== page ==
In the late 1860's, early 1870's, a merger took place with A.S. Hotchkiss and the Seth Thomas Company. The Seth Thomas Company wanted in on the tower clock business and they felt that A.S. Hotchkiss was the man for the job with his great reputation for fantastic tower clock designs. The new clock designs, under the umbrella of the Seth Thomas Company, would be shown in the 1874 product catalogs.
Below are pictures of the movements offered in 1874 as shown in the 1874 Seth Thomas Catalog. The very bottom picture shows the specifications for the #12A that was purchased for the Cabarrus County Courthouse in 1876. The graphic above the description depicts the #14, which has similar features as the #12A, just on a much larger scale for larger installations.
Cabarrus Time Savers is a non-profit group that has set out to identify and restore important public time pieces in our community. We consider tower and street clocks to be an important part of our history, in Cabarrus County. For many decades, people planned their day to day lives around clocks in the public eye. We are dedicated to preserving, repairing, and restoring these clocks.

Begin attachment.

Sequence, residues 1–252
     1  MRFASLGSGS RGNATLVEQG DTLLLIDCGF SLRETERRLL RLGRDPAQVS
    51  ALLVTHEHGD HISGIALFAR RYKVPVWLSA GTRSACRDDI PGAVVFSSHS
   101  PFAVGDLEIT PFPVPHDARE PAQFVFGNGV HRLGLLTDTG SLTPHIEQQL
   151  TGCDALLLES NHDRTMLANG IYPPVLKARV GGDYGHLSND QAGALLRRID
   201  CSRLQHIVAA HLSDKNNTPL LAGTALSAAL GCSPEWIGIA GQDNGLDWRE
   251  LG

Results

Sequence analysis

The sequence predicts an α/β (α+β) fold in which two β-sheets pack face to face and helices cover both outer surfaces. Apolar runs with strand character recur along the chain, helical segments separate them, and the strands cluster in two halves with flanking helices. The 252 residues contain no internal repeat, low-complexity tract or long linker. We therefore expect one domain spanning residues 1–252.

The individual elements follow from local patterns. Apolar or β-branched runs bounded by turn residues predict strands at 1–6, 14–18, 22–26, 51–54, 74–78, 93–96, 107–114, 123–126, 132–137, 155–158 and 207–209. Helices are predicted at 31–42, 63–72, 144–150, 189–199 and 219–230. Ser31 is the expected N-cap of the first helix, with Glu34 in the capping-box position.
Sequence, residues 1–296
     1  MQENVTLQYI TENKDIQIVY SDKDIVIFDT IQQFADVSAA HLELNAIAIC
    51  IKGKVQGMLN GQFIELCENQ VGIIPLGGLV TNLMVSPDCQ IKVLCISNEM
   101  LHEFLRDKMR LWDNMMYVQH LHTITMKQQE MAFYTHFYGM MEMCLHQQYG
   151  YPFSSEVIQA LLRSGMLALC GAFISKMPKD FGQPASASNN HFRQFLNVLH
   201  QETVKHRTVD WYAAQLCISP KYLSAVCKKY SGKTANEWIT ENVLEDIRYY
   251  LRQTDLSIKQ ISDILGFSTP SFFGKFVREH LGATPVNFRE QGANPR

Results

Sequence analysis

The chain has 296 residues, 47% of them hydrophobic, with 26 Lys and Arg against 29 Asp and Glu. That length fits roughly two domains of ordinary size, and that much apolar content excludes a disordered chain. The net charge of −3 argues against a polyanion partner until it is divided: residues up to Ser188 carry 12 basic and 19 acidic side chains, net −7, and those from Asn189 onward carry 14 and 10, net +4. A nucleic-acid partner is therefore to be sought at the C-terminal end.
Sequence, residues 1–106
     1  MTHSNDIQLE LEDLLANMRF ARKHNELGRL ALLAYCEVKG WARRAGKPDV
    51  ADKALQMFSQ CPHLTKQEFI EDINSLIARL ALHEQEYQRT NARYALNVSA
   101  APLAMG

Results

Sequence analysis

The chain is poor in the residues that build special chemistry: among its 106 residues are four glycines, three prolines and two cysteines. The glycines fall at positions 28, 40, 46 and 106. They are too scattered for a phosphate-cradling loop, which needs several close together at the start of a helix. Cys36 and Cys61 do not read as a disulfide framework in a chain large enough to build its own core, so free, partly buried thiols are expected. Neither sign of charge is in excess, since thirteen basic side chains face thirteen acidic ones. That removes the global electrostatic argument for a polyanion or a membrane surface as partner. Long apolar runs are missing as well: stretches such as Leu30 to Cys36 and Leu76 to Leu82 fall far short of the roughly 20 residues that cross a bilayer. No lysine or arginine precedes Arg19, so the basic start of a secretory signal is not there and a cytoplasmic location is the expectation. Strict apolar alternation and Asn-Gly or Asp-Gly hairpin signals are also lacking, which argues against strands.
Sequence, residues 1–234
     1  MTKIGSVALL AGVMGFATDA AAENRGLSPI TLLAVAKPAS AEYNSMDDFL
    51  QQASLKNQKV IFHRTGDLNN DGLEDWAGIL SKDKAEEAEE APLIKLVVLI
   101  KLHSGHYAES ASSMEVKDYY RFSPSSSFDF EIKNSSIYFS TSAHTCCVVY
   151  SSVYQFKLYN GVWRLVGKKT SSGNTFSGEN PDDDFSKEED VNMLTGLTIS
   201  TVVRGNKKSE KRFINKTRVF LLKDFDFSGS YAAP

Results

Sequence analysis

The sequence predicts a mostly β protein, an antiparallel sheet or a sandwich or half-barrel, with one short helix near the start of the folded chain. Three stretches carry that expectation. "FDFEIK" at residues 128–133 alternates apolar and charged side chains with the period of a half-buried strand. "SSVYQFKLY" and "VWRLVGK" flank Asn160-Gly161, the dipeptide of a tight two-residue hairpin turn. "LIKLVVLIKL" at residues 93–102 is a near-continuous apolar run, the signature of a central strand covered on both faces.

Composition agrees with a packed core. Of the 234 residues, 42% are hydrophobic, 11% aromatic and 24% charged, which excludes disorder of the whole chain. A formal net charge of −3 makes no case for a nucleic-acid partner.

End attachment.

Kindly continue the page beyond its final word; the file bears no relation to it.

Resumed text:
The purpose of this blog is to bring you history of our local horology, news of our current projects, and provide a means to communicate with the community when we need help with historical facts and locating clocks and missing parts for these clocks.
If there is a clock in the community that you feel is important to our history that may need to be repaired or that may even be missing and would be important to locate and put in place, please reach out to us.
For now, just a sneak preview of the E. Howard that lives behind the walls of the First Presbyterian Church, in Concord, North Carolina. Be...
Our kickoff project is a rare tower clock built by A.S. Hotchkiss that resides in the dial room at the very top of the historic Cabarrus Cou...
Below is a video I often share when people ask about the restoration process that a community will often see. This restoration is especiall...